Proline-rich peptides are a unique group of antimicrobial peptides that exert their activity selectively against Gram-negative bacteria through an apparently non-membranolytic mode of action that is not yet well understood. We have investigated the mechanism underlying the antibacterial activity of the proline-rich cathelicidin Bac7 against Salmonella enterica and Escherichia coli. The killing and membrane permeabilization kinetics as well as the cellular localization were assessed for the fully active N-terminal fragment Bac7(1–35), its all-D enantiomer and for differentially active shortened fragments. At sub-micromolar concentrations, Bac7(1–35) rapidly killed bacteria by a non-lytic, energy-dependent mechanism, whereas its D-enantiomer was inactive. Furthermore, while the L-enantiomer was rapidly internalized into bacterial cells, the Denantiomer was virtually excluded. At higher concentrations (≥64 μM), both L- and D-Bac7(1–35) were instead able to kill bacteria also via a lytic mechanism. Overall, these results suggest that Bac7 may inactivate bacteria via two different modes of action depending on its concentration: (i) at near-MIC concentrations via a mechanism based on a stereospecificity-dependent uptake that is likely followed by its binding to an intracellular target, and (ii) at concentrations several times the MIC value, via a non-stereoselective, membranolytic mechanism.

Dual mode of action of Bac7, a proline-rich antibacterial peptide

BENINCASA, MONICA;PACOR, SABRINA;GENNARO, RENATO;SCOCCHI, MARCO
2006

Abstract

Proline-rich peptides are a unique group of antimicrobial peptides that exert their activity selectively against Gram-negative bacteria through an apparently non-membranolytic mode of action that is not yet well understood. We have investigated the mechanism underlying the antibacterial activity of the proline-rich cathelicidin Bac7 against Salmonella enterica and Escherichia coli. The killing and membrane permeabilization kinetics as well as the cellular localization were assessed for the fully active N-terminal fragment Bac7(1–35), its all-D enantiomer and for differentially active shortened fragments. At sub-micromolar concentrations, Bac7(1–35) rapidly killed bacteria by a non-lytic, energy-dependent mechanism, whereas its D-enantiomer was inactive. Furthermore, while the L-enantiomer was rapidly internalized into bacterial cells, the Denantiomer was virtually excluded. At higher concentrations (≥64 μM), both L- and D-Bac7(1–35) were instead able to kill bacteria also via a lytic mechanism. Overall, these results suggest that Bac7 may inactivate bacteria via two different modes of action depending on its concentration: (i) at near-MIC concentrations via a mechanism based on a stereospecificity-dependent uptake that is likely followed by its binding to an intracellular target, and (ii) at concentrations several times the MIC value, via a non-stereoselective, membranolytic mechanism.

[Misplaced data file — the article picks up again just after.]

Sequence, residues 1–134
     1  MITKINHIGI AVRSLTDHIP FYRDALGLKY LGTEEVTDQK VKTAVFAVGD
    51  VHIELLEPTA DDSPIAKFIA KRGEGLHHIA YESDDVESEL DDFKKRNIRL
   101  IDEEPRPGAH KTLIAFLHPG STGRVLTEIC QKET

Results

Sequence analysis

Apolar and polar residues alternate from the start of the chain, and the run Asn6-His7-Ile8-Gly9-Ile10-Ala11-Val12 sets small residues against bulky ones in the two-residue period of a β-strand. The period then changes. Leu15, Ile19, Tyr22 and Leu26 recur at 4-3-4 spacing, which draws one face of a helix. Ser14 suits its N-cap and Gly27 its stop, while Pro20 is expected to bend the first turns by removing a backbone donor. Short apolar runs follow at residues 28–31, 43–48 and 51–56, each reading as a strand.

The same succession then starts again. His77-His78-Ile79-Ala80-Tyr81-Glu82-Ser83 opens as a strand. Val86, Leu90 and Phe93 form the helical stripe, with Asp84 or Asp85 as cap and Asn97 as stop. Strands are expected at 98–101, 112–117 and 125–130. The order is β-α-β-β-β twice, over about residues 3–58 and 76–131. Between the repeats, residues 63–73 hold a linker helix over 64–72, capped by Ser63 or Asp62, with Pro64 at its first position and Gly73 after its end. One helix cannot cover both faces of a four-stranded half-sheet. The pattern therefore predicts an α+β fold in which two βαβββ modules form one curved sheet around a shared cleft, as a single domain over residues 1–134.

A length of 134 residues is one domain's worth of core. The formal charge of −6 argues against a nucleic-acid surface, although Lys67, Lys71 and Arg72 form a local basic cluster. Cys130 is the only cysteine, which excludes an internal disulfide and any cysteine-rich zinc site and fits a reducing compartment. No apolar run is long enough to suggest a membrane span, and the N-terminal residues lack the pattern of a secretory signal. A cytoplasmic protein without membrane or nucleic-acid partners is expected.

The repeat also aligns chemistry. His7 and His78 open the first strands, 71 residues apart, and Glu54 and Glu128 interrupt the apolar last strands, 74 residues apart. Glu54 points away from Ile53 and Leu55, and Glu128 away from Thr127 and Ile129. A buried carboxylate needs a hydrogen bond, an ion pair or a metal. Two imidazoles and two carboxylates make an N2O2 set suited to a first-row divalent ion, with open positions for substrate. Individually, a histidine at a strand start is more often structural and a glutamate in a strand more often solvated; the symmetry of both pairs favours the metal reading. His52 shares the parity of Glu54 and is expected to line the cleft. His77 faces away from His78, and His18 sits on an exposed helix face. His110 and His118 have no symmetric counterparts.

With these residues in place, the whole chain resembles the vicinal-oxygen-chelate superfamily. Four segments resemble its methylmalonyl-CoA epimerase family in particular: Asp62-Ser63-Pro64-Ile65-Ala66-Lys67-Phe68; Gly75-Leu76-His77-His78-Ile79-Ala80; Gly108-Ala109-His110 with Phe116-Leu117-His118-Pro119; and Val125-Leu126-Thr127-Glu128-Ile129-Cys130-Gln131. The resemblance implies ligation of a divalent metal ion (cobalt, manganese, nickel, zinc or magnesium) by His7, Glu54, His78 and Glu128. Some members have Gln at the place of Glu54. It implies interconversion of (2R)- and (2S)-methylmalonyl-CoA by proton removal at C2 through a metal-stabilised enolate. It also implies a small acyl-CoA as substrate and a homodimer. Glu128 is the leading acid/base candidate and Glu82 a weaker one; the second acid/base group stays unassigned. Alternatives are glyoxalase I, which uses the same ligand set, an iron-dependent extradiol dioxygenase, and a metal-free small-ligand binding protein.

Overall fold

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Utilizza questo identificativo per citare o creare un link a questo documento: http://hdl.handle.net/11368/1694896
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